0       0       0       0       0       0       0       0  
 
The following table sets forth information with respect to compensation paid by the registrant to its officers during the last two completed fiscal years ended June 30, 2012 and 2011, respectively.
 
Director Compensation
 
Name
(a)
 
Fees Earned or Paid in Cash (US$)
(b)
   
Stock Awards (US$) (c)
   
Option Awards (US$)
 (d)
   
Non-Equity Incentive Plan Compensation (US$)
 (e)
   
Change in Pension Value and Nonqualified Deferred Compensation Earnings (US$) 
(f)
   
All Other Compensation
(US$) 
(g)
   
Total (US$)
(h)
 
                                                         
Mariusz Girt
    0       0       0       0       0       0       0  
                                                         
Timothy Moore
    0       0       0       0       0       0       0  
 
The following table sets forth information with respect to compensation paid by the registrant to its directors during the fiscal year ended June 30, 2012.
 
 
41

 
 
All compensation received by our officers and directors has been disclosed.
 
There are no stock option, retirement, pension, or profit sharing plans for the benefit of our officers and directors.
 
Long-Term Incentive Plan Awards
 
We do not have any long-term incentive plans that provide compensation intended to serve as incentive for performance.
 
Indemnification
 
Under our Bylaws, we may indemnify an officer or director who is made a party to any proceeding, including a lawsuit, because of his position, if he acted in good faith and in a manner he reasonably believed to be in our best interest. We may advance expenses incurred in defending a proceeding. To the extent that the officer or director is successful on the merits in a proceeding as to which he is to be indemnified, we must indemnify him against all expenses incurred, including attorney's fees. With respect to a derivative action, indemnity may be made only for expenses actually and reasonably incurred in defending the proceeding, and if the officer or director is judged liable, only by a court order. The indemnification is intended to be to the fullest extent permitted by the laws of the State of Nevada.
 
Regarding indemnification for liabilities arising under the Securities Act of 1933, which may be permitted to directors or officers under Nevada law, we are informed that, in the opinion of the Securities and Exchange Commission, indemnification is against public policy, as expressed in the Act and is, therefore, unenforceable.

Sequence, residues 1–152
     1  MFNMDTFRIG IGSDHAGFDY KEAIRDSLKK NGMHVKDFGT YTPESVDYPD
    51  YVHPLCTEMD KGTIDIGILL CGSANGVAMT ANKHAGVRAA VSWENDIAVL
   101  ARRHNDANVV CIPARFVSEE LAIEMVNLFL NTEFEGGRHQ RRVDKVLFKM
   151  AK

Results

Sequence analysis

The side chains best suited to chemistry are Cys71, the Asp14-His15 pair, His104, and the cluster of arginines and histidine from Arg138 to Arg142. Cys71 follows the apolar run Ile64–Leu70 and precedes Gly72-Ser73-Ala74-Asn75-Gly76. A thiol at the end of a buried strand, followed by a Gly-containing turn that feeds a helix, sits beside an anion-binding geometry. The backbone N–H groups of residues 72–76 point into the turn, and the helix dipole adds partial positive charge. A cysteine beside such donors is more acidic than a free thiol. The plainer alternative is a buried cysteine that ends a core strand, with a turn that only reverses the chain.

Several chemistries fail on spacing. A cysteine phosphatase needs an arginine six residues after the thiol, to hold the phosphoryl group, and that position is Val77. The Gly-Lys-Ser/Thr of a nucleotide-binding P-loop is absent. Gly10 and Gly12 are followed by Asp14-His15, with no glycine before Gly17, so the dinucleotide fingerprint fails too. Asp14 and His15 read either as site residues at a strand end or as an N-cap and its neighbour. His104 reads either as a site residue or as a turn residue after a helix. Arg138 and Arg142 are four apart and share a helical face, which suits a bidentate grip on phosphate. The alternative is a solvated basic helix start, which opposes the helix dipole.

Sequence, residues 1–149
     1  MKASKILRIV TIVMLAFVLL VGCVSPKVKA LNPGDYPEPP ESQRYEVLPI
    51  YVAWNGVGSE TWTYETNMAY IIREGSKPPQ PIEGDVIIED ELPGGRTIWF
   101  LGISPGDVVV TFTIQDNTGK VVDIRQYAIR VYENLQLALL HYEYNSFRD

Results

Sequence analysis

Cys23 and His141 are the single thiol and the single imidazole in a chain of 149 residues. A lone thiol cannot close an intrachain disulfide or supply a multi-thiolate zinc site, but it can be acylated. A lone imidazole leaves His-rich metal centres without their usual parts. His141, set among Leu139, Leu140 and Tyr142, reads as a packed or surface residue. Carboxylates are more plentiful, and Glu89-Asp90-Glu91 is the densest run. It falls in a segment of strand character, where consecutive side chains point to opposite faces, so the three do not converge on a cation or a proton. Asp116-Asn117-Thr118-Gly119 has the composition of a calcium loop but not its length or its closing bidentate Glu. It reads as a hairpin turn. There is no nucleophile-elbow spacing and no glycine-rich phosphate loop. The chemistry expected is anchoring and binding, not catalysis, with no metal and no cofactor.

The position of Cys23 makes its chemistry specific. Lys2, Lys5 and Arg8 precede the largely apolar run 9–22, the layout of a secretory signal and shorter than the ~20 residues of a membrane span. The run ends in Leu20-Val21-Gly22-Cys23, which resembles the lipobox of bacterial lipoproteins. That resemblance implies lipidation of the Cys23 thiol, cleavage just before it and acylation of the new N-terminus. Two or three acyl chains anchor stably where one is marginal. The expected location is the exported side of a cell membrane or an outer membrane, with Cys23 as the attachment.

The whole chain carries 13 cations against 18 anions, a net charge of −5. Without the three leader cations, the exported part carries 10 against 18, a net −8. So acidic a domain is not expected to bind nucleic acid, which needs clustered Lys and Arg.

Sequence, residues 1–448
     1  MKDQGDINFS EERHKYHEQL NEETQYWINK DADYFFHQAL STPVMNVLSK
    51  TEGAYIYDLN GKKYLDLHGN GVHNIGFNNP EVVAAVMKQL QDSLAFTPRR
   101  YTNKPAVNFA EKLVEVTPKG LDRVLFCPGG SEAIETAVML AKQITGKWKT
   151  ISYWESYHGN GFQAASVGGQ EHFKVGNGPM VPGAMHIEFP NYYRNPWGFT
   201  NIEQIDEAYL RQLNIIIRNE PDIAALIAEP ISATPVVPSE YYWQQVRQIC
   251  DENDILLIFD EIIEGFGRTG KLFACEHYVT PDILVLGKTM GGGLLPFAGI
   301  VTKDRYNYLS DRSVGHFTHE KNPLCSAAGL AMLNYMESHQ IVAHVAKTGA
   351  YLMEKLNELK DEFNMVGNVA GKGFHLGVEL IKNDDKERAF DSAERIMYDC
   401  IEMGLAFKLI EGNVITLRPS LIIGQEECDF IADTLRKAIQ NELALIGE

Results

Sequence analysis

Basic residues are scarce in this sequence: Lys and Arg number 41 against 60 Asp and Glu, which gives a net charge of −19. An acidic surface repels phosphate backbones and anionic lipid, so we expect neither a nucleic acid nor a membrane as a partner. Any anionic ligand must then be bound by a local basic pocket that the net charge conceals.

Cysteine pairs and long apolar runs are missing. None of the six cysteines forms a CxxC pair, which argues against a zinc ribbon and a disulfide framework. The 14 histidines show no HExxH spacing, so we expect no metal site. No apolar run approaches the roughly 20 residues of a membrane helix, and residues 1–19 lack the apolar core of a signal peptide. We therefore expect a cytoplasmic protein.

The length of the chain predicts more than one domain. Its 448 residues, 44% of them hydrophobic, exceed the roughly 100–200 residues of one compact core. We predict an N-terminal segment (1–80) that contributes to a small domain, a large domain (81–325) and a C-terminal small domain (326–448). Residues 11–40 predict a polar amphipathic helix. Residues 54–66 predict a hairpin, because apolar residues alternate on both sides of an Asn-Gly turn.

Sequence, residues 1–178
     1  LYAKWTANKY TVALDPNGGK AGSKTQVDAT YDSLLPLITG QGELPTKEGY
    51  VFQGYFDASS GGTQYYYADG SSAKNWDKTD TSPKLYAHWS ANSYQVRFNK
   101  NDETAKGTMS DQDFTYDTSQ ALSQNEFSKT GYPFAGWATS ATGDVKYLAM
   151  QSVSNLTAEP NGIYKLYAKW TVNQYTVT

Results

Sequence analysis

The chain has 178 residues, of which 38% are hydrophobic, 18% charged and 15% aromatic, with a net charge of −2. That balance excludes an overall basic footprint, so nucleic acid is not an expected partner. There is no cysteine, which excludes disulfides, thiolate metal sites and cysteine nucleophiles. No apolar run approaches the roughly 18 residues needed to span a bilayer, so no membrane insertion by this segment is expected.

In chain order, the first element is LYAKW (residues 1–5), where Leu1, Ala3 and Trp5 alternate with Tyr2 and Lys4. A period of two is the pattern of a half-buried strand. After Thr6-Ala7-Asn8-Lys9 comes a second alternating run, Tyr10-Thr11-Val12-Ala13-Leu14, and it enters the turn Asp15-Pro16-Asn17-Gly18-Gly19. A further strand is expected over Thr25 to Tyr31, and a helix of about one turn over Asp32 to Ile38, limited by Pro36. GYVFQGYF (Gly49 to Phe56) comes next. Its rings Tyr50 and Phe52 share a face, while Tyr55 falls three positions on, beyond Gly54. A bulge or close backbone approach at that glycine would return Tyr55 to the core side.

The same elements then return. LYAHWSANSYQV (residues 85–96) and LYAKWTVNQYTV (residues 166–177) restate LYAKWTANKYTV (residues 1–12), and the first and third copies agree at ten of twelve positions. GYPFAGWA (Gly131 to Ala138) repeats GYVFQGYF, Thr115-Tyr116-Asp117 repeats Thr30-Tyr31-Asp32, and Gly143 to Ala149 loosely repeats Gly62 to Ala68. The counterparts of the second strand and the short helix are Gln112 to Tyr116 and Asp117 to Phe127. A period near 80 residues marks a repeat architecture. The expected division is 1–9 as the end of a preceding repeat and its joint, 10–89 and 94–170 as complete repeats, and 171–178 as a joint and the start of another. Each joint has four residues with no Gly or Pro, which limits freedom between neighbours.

42

 
 
ITEM 12.  Security Ownership of Certain Beneficial Owners and Management and Related Stockholder Matters.
 
The registrant has no compensation plans (including individual compensation arrangements) under which equity securities of the registrant are authorized for issuance.
 
The following table sets forth, as of the date of this Annual Report on Form 10-K, the total number of shares owned beneficially by each of our directors, officers and key employees, individually and as a group, and the present owners of 5% or more of our total outstanding shares. The stockholders listed below have direct ownership of his/her shares and possess voting and dispositive power with respect to the shares.

(1) Title of Class
 
(2) Name and address
of beneficial owner
 
(3) Amount and nature
of beneficial ownership
 
(4) Percent
of class
 
               
Common Stock
 
Mariusz Girt
91 Helen Court
Franklin Lakes, NJ 07417
 
9,623,330
Direct ownership
    20.9 %
Class A Preferred Stock
 
Mariusz Girt
91 Helen Court
Franklin Lakes, NJ 07417
 
400,000
Direct ownership
    100 %
Common Stock
 
Jozef Jerzy Jedrzejczyk
Ul. Przyjacielska 5
Konstancin
Jeziorna 05510
 
3,904,560
Direct ownership
    8.5 %
Common Stock
 
Henryka Jozefa Ludwiczak
Krowica Pusta 1A
WOJ. Wielkopolskie
Szczytniki 62865
 
4,032,198
Direct ownership
    8.8 %
Common Stock
 
Kamila Monika Ludwiczak
Krowica Pusta 1A
WOJ. Wielkopolskie
Szczytniki 62865
 
4,032,198
Direct ownership
    8.8 %
Common Stock
 
Michal Ludwiczak
52 Queen Emma’s
Witney
Oxfordshire OX28 4DU
 
2,817,234
Direct ownership
    6.1 %
Common Stock
 
Danuta Wronska
Ul. Studencka 31, Apt 23
Warszawa 02735
 
3,904,560
Direct ownership
    8.5 %
Common Stock
 
All Officers and Directors
 
9,623,330
    20.9 %
Class A Preferred Stock
 
All Officers and Directors
 
400,000
    100 %
 
 
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ITEM 13. Certain Relationships and Related Transactions, and Director Independence.